NHL players want to play in the 2018 Olympics in South Korea. They know it, fans know it, and the league knows it.
And evidently the league is trying to use this knowledge to their advantage by playing a game of “what’s it worth to you?”
According to Sportsnet.ca, the NHL proposed a three-year extension of the current CBA to the players in exchange for their participation in the 2018 Olympics. If the players agreed to the stipulation, it would ensure peace around the league until the year 2025.
This type of move isn’t entirely unprecedented, according to Sportsnet. While NHL players have participated in the past five Olympics Games, prior to playing in Nagano in 1998, both the Player’s Association and the league agreed to waive the right to re-open their CBA to ensure no labor disruption at that time.
The current CBA expires in 2022. However, both the league and Player’s Association have the option to opt out beginning in 2020. With players paying more than 15 percent of their salaries to escrow under the current CBA, it’s unlikely that players will want to extend the CBA an additional three years in exchange for playing in the Olympics—especially when the league is being pressured to send players by Olympics television partner NBC.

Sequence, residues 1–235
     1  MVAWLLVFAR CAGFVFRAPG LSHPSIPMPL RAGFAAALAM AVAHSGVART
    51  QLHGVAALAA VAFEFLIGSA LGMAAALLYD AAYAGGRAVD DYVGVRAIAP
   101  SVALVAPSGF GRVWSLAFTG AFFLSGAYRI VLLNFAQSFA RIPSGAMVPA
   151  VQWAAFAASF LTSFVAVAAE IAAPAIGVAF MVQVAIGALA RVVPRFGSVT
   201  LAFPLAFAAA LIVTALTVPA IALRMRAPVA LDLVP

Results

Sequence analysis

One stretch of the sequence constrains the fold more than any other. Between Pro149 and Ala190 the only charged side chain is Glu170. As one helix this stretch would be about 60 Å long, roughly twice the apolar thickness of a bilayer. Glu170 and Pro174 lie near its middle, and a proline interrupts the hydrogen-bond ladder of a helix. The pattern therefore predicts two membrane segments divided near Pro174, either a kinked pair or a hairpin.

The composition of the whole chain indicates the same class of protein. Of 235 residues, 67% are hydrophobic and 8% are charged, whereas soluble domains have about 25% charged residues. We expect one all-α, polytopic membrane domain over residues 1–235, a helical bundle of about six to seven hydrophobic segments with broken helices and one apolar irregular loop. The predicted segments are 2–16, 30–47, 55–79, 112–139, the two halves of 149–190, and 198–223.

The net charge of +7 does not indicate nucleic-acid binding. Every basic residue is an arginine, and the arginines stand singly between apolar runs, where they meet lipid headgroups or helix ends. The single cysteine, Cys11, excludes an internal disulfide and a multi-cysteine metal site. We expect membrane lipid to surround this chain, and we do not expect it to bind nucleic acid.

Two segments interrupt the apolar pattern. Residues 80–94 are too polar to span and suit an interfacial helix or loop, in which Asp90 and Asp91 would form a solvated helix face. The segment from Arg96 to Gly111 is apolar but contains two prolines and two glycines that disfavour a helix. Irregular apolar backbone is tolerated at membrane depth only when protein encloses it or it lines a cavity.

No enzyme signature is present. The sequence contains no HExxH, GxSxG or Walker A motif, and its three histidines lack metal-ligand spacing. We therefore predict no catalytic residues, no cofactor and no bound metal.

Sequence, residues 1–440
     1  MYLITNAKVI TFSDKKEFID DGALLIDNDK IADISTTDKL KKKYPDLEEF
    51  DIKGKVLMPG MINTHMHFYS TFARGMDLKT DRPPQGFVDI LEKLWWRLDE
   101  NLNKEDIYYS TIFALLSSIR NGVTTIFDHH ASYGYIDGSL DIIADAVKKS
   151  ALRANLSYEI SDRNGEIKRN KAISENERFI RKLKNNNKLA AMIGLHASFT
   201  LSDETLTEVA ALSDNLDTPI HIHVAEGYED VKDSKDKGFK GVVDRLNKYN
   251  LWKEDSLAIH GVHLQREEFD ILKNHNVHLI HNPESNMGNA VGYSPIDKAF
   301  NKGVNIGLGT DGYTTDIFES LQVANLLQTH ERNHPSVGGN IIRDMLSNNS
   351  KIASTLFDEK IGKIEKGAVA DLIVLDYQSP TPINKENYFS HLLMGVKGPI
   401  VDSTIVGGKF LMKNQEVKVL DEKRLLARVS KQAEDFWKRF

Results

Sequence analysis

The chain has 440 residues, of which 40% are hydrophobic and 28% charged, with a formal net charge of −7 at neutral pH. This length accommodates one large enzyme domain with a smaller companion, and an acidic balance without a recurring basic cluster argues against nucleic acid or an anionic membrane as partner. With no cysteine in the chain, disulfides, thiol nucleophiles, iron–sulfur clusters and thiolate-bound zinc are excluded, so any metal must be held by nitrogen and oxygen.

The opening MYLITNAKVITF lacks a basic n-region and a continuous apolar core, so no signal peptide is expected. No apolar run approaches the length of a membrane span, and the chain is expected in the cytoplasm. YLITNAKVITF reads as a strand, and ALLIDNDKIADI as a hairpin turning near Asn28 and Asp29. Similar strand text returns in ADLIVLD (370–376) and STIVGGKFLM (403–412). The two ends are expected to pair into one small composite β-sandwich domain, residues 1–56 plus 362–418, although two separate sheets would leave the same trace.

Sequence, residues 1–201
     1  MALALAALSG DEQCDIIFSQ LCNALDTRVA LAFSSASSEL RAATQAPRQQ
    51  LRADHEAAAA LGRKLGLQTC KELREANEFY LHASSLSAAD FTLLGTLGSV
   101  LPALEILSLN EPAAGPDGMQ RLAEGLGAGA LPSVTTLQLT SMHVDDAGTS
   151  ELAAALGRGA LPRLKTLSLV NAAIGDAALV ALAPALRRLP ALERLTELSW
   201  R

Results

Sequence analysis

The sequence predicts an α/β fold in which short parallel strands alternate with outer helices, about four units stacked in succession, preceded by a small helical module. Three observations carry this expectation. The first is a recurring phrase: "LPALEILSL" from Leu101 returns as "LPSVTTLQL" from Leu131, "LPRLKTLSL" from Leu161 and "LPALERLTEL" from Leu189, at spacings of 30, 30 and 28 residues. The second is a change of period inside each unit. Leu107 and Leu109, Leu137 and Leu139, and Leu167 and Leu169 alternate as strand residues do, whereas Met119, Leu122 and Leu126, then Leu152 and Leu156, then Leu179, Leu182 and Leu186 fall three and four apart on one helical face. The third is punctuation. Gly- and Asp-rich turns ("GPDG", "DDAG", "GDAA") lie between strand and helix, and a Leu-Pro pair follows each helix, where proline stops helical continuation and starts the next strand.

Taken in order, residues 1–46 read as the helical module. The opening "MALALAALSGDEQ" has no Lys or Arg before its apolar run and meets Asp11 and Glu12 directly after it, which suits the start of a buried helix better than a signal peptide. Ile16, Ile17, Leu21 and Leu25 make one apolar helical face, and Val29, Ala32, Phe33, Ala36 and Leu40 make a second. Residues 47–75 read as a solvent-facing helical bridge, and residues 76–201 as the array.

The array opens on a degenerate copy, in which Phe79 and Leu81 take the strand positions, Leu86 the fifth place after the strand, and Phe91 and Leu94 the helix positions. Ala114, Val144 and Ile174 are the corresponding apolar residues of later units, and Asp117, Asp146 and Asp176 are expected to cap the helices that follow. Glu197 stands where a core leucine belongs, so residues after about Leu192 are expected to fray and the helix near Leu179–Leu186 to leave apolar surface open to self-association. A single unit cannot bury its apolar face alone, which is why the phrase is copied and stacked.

The main holdups preventing NHL player participation are costs associated with travel, accommodations and hospitality, and insurance premiums. Those costs were previously fronted by the International Olympics Committee, which has stated it will not cover those costs in 2018 for participants of arguably the premier event of the Winter Games.